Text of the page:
Living with chronic pain can change a person’s entire lifestyle. Discomfort can be caused from leisurely walks, bike rides, playing with children or grandchildren, and sometimes when a person is doing nothing at all. Chronic pain can also lead to overnight discomfort, causing sleepless nights and daunting days. If you’re currently experiencing chronic or persistent pain, incorporating a pain pump (intrathecal pain pump) into your care plan may be a great course of action. Follow along below to educate yourself, and see if this is a viable option for you!
What is an intrathecal pain pump?
An intrathecal pain pump (pain pump) is a small medical device that is inserted into a patient’s body to deliver medication directly to the spinal cord/fluid. The device consists of two parts – the pump itself, which contains a reservoir that holds the medication, and a catheter that delivers the medication to the spinal cord/fluid. Depending on the type of pump used, the medication can be delivered at a fixed rate (through a consistent flow) or a variable rate (adjusted for your needs).
What is the process for receiving a pain pump?
The first step in the process, as with any medical procedure or plan, is a conversation with a doctor. If a patient’s evaluation determines that they are an ideal candidate for a permanent pain pump, the next step is to undergo a trial before the implantation of a permanent pump is scheduled. The trial allows the doctor to evaluate the degree of relief, and note any side effects before a pump is installed. If the patient is deemed a good candidate for the device by their doctor, and decide for themselves that it is the right option, the implantation will be scheduled.
The implantation process is a minimally invasive procedure, allowing most patients to leave the same day or the morning following their implantation. The doctor will first place a catheter into the fluid surrounding the patient’s spinal cord. Next, a small incision will be made at the patient’s waistline where they will place the device, just below the skin.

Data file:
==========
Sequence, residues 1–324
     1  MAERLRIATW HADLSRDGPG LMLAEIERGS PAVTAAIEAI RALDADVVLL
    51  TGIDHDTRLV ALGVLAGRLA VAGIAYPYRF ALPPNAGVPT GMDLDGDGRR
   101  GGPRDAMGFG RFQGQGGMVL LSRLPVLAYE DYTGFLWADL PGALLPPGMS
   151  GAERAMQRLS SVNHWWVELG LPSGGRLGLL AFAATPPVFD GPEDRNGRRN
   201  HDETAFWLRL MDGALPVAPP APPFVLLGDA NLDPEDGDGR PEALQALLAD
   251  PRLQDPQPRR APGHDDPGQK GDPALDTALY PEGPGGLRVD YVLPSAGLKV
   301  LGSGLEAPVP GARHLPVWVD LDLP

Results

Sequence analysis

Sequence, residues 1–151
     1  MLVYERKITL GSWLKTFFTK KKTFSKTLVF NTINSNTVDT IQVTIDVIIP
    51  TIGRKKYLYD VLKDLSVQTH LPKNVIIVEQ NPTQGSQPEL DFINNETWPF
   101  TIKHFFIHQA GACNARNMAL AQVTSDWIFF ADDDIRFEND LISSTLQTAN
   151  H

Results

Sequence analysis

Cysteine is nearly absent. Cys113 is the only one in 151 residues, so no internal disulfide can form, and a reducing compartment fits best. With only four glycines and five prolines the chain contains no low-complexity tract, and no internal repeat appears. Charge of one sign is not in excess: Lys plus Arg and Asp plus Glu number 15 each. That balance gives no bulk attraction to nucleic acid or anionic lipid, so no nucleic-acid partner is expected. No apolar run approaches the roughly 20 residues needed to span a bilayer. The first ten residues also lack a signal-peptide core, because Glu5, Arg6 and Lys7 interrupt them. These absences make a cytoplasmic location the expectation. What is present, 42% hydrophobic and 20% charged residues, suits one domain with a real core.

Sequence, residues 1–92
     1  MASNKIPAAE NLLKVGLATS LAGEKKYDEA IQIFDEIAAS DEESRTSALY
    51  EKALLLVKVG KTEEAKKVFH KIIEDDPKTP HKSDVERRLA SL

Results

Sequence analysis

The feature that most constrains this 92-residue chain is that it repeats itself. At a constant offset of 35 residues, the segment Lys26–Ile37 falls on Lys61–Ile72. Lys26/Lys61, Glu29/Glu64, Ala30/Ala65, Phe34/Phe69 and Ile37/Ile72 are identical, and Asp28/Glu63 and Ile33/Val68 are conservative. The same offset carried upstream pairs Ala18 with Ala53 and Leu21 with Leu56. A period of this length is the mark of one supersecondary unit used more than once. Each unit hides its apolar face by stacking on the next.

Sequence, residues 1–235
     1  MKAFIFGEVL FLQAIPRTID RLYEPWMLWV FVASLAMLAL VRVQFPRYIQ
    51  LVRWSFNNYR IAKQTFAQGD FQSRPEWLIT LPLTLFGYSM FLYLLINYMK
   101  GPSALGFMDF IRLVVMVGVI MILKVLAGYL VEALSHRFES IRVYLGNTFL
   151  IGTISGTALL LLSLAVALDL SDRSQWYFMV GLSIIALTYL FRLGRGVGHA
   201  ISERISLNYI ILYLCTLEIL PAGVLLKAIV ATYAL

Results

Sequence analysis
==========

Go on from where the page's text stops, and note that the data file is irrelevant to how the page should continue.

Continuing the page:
How long is recovery following the implantation?
Typically, full recovery is complete between 6-8 weeks following your implantation procedure. Some patient’s experience discomfort in the initial week following their procedure, but within a few weeks can return to normal activities such as walking, riding bikes, or attending gatherings and seeing a movie.
How do you refill a pain pump?
Refill appointments usually last between 10-15 minutes. The doctor will evaluate the patient’s progress and assess their symptoms to ensure the dosage and medication given are both still effective in helping them achieve the reduced pain or pain-free lifestyle they are looking for. The pump will be emptied with a needle that is inserted after local sedation. The pump will then be refilled with medication. The frequency of these visits will vary for all patients as they are dependent on the patient’s dosage and the size of the pain pump the patient has.
What differentiates a pain pump from oral pain medication?
Because the pain pump delivers medication directly into a patient’s spinal fluid, reaching spinal nerves, pain signals are decreased before reaching the brain. Additionally, the pain medication is absorbed more quickly, allowing pain pumps to be more effective with less dosage than their oral counterparts. In fact, pain pumps use approximately 1/300 the amount of drugs than oral medications. Pain pumps can administer many different medications including morphine, hydromorphone, ziconotide, and baclofen.
If you believe a pain pump could benefit you on your journey to a more enjoyable, long-lasting, lifestyle, contact our team today. We are happy to schedule an appointment, or consultation, with one of our doctor’s versed in this topic.